© 2024 WUOT

209 Communications Building
1345 Circle Park Drive
University of Tennessee
Knoxville, TN 37996-0322
Play Live Radio
Next Up:
0:00 0:00
Available On Air Stations

Influencers are asked to help stop the spread of mental health misinformation


By now, many people know that using social media too often can affect your mental health. Some people are concerned about too much social media so they look for information on social media. Some professors at Harvard recognized this and want to flood social media with evidence-based research. Andrea Muraskin reports.

ANDREA MURASKIN, BYLINE: Kate Speer, age 36, knows the world of influencers well. For five years, she was the CEO of a social media company called The Dogist.

KATE SPEER: So we did a whole slew of influencer marketing campaigns, you know, for the sake of dogs or dog food.

MURASKIN: At the same time, Speer was building her own following around something really different - frank conversations about severe mental illness. She lives with PTSD and ADHD.


SPEER: A little midday reminder for those of us battling our minds. We are still here. We are still here, and the work we are doing just in existing...

MURASKIN: The talent manager she worked with at her day job noticed Speer's appeal and said they could market her if she was willing to tone it down. Focus on mental health, not mental illness. Speer took a pass, but last year, she attracted attention from a surprising place - Harvard. Along with other mental health influencers, Speer participated in online trainings on topics like the mind-body connection and intergenerational trauma provided by faculty at Harvard's T.H. Chan School of Public Health. It was part of a research project to see if the academics could influence the influencers to post more science-based content on TikTok. Amanda Yarnell is with Harvard's Chan School.

AMANDA YARNELL: We wanted to talk more about mental health, one of the biggest public health crises of our time. People want to feel seen. They want to feel like people understand them. And that rawness, that authenticity that is driving social right now I think is the right match.

MURASKIN: So how did Harvard influence Speer? She says getting trained in how to interpret scientific research has helped with her content. Last fall, she produced a series of videos about anxiety called "Fear Camp."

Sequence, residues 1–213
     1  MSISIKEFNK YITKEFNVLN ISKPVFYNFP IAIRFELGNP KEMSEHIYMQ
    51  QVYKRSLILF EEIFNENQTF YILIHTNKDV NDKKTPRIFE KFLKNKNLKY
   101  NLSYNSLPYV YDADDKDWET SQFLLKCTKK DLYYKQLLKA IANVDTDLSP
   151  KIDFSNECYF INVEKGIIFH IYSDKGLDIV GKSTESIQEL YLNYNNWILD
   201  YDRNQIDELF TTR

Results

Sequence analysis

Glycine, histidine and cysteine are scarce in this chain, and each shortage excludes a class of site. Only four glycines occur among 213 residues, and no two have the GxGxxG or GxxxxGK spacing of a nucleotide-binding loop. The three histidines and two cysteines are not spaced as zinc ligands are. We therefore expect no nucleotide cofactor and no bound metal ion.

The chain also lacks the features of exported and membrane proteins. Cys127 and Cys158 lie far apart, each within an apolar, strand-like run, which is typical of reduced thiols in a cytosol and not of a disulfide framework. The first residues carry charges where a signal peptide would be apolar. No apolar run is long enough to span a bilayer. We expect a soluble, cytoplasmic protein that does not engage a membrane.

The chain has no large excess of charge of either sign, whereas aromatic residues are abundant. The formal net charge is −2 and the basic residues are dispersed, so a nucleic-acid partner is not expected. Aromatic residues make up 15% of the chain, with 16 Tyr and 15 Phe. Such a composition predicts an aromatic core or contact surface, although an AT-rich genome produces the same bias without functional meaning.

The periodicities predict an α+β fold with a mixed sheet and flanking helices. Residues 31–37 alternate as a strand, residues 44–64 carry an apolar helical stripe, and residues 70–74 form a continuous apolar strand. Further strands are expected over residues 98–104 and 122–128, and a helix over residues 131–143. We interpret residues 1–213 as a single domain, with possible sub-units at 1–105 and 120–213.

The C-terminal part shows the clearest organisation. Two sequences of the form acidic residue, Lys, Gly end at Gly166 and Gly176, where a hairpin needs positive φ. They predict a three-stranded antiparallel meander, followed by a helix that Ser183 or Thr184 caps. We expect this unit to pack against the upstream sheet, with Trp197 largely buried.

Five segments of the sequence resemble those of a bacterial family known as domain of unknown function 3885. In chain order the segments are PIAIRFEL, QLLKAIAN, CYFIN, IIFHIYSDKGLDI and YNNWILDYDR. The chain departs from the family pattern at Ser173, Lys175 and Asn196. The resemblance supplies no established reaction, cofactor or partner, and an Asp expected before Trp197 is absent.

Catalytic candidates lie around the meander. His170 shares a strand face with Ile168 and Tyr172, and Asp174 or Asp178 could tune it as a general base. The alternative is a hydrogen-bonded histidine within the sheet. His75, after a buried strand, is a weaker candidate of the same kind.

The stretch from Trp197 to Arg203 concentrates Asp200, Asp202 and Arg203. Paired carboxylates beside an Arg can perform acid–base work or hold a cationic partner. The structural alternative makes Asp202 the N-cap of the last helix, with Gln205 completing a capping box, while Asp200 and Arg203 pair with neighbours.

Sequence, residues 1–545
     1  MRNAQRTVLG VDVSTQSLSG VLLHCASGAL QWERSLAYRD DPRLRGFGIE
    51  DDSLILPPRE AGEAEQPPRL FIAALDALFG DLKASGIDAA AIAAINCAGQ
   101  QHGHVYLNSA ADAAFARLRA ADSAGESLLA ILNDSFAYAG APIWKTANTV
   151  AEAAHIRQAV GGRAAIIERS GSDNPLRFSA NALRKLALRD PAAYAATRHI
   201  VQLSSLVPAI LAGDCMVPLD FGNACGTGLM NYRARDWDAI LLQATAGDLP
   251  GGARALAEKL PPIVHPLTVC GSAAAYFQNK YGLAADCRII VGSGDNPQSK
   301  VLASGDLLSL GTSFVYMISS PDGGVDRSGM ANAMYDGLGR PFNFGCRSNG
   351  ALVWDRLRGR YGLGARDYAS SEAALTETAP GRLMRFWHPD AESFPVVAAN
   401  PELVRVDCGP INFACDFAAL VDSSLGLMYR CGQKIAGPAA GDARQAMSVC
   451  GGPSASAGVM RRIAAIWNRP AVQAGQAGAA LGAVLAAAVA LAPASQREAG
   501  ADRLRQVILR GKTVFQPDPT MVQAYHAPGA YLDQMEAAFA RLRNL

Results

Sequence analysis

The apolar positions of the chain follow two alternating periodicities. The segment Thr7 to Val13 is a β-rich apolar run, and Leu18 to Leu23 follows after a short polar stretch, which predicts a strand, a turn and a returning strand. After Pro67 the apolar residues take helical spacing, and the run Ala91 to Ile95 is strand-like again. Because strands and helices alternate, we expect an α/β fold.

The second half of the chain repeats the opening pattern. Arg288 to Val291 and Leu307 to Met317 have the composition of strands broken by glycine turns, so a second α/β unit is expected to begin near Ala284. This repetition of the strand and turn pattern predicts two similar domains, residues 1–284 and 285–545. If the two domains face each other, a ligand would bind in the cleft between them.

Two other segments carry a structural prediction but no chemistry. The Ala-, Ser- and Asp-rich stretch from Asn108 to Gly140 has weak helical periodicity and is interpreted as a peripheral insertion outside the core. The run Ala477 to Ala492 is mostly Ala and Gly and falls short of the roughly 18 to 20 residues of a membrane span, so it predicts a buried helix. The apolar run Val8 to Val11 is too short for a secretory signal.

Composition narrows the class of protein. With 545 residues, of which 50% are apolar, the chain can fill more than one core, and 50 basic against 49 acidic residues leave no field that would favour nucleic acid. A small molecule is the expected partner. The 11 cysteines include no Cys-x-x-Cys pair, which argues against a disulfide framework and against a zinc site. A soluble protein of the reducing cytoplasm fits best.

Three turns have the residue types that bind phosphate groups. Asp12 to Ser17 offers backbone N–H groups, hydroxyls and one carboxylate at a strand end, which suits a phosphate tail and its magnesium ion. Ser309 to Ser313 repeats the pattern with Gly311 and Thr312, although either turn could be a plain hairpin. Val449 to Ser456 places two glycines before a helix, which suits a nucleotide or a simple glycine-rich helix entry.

SPEER: So before we dive into exposure therapy and basically kicking anxiety's [expletive], whoop whoop, we must first identify what anxiety is and how it manifests.

MURASKIN: She framed the videos as lessons and gave simple homework, like writing down the physical sensations and thoughts that come up when you feel anxious. Speer also teamed up with a Harvard behavioral science professor on a political action campaign to ban the sale of over-the-counter weight loss supplements to teens in New York.


SPEER: I've tried a variety of weight loss supplements. I'm not proud of it.

MURASKIN: Speer encouraged her followers to take action. Many did, and the bill became a state law. Bryn Austin is a Harvard professor who worked with Speer on the weight loss supplement campaign. She says it's important for research institutions to invest in influencers.

BRYN AUSTIN: When influencers can only survive by taking money from predatory companies to put disinformation out, that's bad for public health, and that's bad for society. We need to be able to create an opportunity for them to make a living, use their gifts for storytelling and communication, but for good.

MURASKIN: Speer has also been recruited by Dartmouth and the University of Vermont to work on a grant-funded project. These academic partnerships aren't quite paying the bills yet.

SPEER: The work I do is what feeds my soul. My husband would like it to pay our mortgage, but that's OK. We'll get there.

MURASKIN: Considering how far she's come, Speer says to live a purposeful life is its own reward.

For NPR News, I'm Andrea Muraskin in Boston.

(SOUNDBITE OF MUSIC) Transcript provided by NPR, Copyright NPR.

NPR transcripts are created on a rush deadline by an NPR contractor. This text may not be in its final form and may be updated or revised in the future. Accuracy and availability may vary. The authoritative record of NPR’s programming is the audio record.

Andrea Muraskin manages the social media and website for Sound Medicine News, and contributes web and radio reporting. Prior to joining the Sound Medicine News team, she was a freelance reporter and producer, notably creating the radio feature series’ The Neighborhood Project, The Life Stories Project, and Constitution Indiana at 90.1 WFYI. Andrea was a radio coach for the Indianapolis-based youth media organization Y-Press, where she had the privilege of working with some of the world’s best teen journalists.